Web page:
A Group Show Including the Art of Aaron Wilder
May 8-June 26, 2021
Ellington-White Contemporary Gallery
113 Gillespie Street
Fayetteville, NC 28301
As part of an ongoing commitment to promote the visual arts, and to fulfill our mission to enhance the quality of life for our community, Ellington-White Contemporary Gallery (EWCG) is happy to present its second annual ART & SOCIAL JUSTICE national juried exhibition. We are living in a tumultuous time; the pandemic has illuminated many of the inequities in our country. How do we move towards equity? Why do we seem to be moving away from fairness? Artists were invited to make an impact with their visual representation of feelings and thoughts on social injustice today. Art gives us an opportunity to look at the world from a different perspective. We hope that the exhibition will continue the discussion of our path to social justice path to social justice.
Work from Aaron Wilder's Social Boundaries project is included in the exhibition. Social Boundaries is an ongoing photography project investigating physical barriers, such as bars on doors and windows. The photographs were taken during performative walks along both sides of urban neighborhood boundaries. While walking, Aaron Wilder reflects upon the stimuli of these metal bars. They are more than just perceived visually. Some directly block his movement. These kinds of structures impact the movement of many people daily, some subtly, some profoundly. They also conceptually represent interpersonal barriers in the walk of life. This series is an inquiry into both the literal and symbolic function of these barriers and their relationship to changing urban landscapes and the social interactions therein. Wilder's approach to this Social Boundaries project aims to observe and reflect upon the rapid social, cultural, and economic changes occurring in cities. Through this project he seeks to draw attention to this crisis to highlight the complexities of underlying issues.
The Ellington-White Community Development Corporation:
Mission: Promoting the Arts, Culture, and Civic Engagement.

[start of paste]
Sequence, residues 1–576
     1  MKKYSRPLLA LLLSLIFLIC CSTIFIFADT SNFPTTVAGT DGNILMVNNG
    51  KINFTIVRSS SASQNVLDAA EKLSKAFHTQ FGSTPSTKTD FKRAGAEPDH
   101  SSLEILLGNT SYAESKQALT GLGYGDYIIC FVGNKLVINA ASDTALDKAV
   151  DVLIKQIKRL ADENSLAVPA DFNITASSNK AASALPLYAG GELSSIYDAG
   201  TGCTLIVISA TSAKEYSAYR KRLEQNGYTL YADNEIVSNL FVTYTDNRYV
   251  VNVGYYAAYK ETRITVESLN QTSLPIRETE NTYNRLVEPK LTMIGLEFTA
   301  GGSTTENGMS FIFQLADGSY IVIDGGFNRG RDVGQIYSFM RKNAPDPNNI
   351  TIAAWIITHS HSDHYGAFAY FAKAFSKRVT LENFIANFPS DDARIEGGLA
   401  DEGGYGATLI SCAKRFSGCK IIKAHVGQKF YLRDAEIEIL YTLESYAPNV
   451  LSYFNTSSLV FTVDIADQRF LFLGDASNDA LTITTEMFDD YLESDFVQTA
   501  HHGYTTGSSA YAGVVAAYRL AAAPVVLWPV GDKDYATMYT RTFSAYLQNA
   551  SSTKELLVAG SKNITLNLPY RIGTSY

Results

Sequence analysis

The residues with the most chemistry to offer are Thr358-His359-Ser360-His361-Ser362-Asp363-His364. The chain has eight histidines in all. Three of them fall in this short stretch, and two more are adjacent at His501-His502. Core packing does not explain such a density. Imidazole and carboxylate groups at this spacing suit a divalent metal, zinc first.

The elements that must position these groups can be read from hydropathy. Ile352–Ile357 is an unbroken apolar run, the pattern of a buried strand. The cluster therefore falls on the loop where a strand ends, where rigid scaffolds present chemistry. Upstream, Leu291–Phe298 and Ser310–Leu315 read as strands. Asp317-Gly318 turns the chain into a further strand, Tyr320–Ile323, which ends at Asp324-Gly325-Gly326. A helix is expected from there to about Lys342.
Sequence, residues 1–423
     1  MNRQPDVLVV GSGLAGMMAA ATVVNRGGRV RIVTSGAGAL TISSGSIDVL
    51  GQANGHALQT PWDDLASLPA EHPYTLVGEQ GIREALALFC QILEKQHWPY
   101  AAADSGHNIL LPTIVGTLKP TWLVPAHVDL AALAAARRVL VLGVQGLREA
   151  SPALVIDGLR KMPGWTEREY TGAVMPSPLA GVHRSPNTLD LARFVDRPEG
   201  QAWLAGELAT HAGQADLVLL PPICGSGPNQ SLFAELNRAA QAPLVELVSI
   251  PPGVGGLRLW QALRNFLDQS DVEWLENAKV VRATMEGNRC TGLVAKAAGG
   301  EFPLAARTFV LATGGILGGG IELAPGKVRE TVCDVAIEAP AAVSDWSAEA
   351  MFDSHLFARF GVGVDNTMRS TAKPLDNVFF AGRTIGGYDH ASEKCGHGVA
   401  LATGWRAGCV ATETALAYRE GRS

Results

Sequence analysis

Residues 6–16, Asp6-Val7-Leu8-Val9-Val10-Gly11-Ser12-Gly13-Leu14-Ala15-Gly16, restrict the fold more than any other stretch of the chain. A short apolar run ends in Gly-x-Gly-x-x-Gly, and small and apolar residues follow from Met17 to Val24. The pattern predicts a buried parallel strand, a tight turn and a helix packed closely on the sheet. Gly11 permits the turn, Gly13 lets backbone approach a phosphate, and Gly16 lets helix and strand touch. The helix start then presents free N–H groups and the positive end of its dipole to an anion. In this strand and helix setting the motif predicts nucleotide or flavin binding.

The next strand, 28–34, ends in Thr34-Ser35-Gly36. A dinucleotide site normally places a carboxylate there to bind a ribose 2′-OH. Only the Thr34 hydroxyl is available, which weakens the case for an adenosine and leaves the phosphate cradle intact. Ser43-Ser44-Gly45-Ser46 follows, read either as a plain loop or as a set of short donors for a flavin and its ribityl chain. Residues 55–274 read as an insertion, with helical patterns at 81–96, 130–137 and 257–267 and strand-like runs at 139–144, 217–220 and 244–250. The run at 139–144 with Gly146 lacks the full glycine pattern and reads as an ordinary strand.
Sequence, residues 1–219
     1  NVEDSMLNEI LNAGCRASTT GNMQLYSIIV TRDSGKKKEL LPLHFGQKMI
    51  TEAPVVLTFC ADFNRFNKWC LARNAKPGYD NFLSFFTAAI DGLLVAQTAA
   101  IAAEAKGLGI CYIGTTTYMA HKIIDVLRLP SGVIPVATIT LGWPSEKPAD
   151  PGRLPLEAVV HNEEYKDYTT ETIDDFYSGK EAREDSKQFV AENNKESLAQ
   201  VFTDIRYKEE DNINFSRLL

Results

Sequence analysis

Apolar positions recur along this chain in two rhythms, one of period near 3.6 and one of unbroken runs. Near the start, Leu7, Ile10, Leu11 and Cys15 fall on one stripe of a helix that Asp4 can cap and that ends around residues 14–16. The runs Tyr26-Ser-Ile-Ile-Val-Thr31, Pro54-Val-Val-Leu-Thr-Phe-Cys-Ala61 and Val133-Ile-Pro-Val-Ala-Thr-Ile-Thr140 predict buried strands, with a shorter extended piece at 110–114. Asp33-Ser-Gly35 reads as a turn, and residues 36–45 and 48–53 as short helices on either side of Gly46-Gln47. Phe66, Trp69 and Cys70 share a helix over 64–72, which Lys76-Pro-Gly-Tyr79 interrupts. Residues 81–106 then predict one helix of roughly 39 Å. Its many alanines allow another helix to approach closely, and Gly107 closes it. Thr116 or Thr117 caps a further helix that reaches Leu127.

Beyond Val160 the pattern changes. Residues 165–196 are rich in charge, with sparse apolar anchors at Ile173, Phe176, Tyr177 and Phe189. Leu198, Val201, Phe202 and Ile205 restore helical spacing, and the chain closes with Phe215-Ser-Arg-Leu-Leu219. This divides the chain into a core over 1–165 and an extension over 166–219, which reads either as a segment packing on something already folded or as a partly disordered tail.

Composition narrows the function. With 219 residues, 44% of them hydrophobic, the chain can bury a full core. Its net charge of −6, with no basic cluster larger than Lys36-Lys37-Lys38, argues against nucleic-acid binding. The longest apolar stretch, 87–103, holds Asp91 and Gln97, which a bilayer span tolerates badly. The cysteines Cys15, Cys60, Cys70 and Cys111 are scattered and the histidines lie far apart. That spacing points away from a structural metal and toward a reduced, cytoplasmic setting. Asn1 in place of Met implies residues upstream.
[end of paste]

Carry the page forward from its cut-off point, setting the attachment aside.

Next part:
Ellington-White generates and supports high quality diverse cultural experiences in all of the arts and arts-related disciplines.
VISION: Their programs acknowledge and incorporate the diverse cultural climate of the area and its shared values, traditions, history, and artistic legacies.
THEIR WORK: Cultural diversity within the arts is as important to us as diversity among cultures . . . and respecting the uniqueness within cultural creativity.
PURPOSE: A gateway to the arts for everyone to enter, learn, and enjoy creativity, from the novice to the expert through community development.
In 2007, The Ellington-White CDC, celebrated ten years of cultural arts programs, concerts, art exhibitions, dance concerts, and other activities for more than 15,500 adults and 9,800 young people and special needs individuals in Detroit, Michigan.
After relocating operations in 2008 to Fayetteville, North Carolina they began limited programming with collaborations that included Fayetteville State University and CommuniCare, Inc. For the past seven years they have provided high quality after-school arts education to special needs youth, taught by professional artists and art educators at a variety of locations. They partner with community agencies to provide arts services to the community.
Their endeavors also provide specialized information to artists and others who then become engaged experts of sorts in community development and collaborative community building, using the arts as that catalyst.
• To ensure access and development of artistic experiences for everyone
• To promote investing in the Arts as Economic Development
• Publicly champion the importance of the Arts in everyday life.
• Expand Public/Private Partnerships Between Schools, the
Community, and Arts Organizations
• Create an Artist Corps of Professionals
• Present After-school and Community Based Arts Programs
Their programs benefit the residents of Fayetteville, Fort Bragg military base and communities of Hope Mills, Spring Lake, and Raeford, North Carolina.